Steel and aluminum are quite different are made of up very different properties.
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Old December 13, 2008, 08:29 AM
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I was not stating that steel and aluminum were the same thing. I was stating that wether it is a steel computer case or something else that is steel, it's still steel, the same with aluminum.
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Old December 14, 2008, 08:53 PM
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Balistx, can u elaborate on the process on removing current paint for those who may have messed up their previous paint jobs?
and a word of advice NEVER USE ANY PRIMER OTHER THAN SELF ETCHING .. i recently used tremclad primer on my case... peeled quite easily..
thinking of re-doing the messed up parts with SEM Self Etch..
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Old December 14, 2008, 09:34 PM
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When it comes to removing paint you have three process, three will work on a steel case and 2 will work on aluminum.

1. Sanding, two remove paint you will want to use 80 grit or 150 grit sandpaper. You will do this by hand unless you have a mouse sander or orbital sander. Once you are done with the 80 grit or 150 grit move up to a 220 grit, then to a 500 grit. Each finer grit to remove the scratches from the previous. Unfortunately for the nooks and crannies you will need to get in there and hand sand it. This process is long and tedious. Unfortunately most will only be able to use this method.

2. Sandblasting. If you know anyone or a shop that can sandblast the paint of your case this is a quick and easy method. Again like hand sanding you will want to use 80 or 150 grit sand and once the paint is off, you can use a glass bead to help reduce the scratches by the coarse grit. If you own an air compressor you can pick up a gravity feed sandblasting gun from Princess Auto for $24.99 (This is what I am planning on doing) and then pick up sand and the glass bead from CT, Home Depot or even Princess Auto. Keep in mind the sandblasting gun only holds about 5oz IIRC so you will need to stop and fill it quite often.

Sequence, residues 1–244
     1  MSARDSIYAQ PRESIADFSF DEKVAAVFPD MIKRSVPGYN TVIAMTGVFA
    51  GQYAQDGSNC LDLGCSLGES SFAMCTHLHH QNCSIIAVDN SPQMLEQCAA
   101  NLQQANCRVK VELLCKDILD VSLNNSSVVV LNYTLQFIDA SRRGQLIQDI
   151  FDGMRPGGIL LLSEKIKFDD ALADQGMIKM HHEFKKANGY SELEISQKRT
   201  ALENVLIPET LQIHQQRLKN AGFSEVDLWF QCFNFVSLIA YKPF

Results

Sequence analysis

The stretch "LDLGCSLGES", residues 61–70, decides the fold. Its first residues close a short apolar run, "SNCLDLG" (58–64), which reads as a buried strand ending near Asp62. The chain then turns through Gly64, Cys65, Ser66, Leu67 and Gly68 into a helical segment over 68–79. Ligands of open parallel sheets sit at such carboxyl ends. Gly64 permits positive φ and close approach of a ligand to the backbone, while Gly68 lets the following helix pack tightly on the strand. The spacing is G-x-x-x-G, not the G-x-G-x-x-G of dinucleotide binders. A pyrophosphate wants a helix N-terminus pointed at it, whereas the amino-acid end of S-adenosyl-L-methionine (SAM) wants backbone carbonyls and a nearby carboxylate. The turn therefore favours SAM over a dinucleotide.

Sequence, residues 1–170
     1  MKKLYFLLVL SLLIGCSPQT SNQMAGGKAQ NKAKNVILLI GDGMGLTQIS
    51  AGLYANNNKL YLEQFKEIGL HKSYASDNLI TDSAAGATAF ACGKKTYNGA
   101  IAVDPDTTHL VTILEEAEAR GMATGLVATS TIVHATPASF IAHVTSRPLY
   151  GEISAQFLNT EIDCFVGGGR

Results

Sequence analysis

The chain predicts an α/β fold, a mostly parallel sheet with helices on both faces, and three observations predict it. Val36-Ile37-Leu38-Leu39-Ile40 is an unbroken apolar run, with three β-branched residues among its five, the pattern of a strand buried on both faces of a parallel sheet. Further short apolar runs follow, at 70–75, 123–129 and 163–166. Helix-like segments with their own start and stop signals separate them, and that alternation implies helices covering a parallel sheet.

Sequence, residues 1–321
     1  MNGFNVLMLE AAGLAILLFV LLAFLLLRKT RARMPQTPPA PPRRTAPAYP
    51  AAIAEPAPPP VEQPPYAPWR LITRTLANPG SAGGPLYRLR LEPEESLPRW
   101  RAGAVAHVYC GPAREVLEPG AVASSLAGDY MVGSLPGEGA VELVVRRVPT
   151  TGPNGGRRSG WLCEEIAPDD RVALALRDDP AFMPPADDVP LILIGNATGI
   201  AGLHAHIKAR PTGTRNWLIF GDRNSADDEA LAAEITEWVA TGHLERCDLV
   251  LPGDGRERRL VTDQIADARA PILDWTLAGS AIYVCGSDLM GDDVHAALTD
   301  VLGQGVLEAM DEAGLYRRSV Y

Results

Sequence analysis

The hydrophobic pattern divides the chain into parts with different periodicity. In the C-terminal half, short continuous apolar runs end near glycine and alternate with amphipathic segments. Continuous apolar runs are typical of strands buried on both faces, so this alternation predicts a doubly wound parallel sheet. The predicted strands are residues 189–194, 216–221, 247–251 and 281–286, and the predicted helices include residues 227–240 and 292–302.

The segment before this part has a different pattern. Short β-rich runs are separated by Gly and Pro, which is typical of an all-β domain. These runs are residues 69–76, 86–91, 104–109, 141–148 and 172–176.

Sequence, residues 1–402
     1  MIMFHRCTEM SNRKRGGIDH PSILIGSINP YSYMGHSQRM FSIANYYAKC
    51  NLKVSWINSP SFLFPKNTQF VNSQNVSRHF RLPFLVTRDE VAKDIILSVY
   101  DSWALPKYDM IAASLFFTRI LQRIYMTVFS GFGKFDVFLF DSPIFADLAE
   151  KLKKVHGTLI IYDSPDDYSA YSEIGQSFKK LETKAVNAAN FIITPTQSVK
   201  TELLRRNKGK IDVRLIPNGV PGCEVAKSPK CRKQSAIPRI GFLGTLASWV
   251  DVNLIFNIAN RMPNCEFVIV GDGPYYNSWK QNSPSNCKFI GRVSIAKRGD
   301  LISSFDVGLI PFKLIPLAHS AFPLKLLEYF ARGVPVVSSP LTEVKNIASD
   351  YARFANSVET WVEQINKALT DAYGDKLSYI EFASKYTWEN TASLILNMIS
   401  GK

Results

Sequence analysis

3. Chemical Paint Stripper. This is NOT to be used on aluminum cases. This is strictly if you have a steel case as the stripper will eat through the aluminum. Also keep in mind even on steel you do not want to leave this on too long. This will make fast work of removing the paint depending on how many layers of paint are on the case. Like sandblasting you should do this outside. Remember to wear safty glasses, rubber gloves to protect your eyes and hands. You can get paint stripper at any paint supply store, CT, Home Depot or Rona. You pour out the stripper onto the area that you want to remove the paint from and spread it out with a paint brush. Let the stripper sit for about 5-10 minutes depending on how many layers of paint you need to remove. Then with a plastic squeeze (the same as used for applying vinyal graphics or window tint) scrape off the paint. If after 5 minutes of letting the stripper sit you notice that it is not removing the paint let it sit for a bit longer.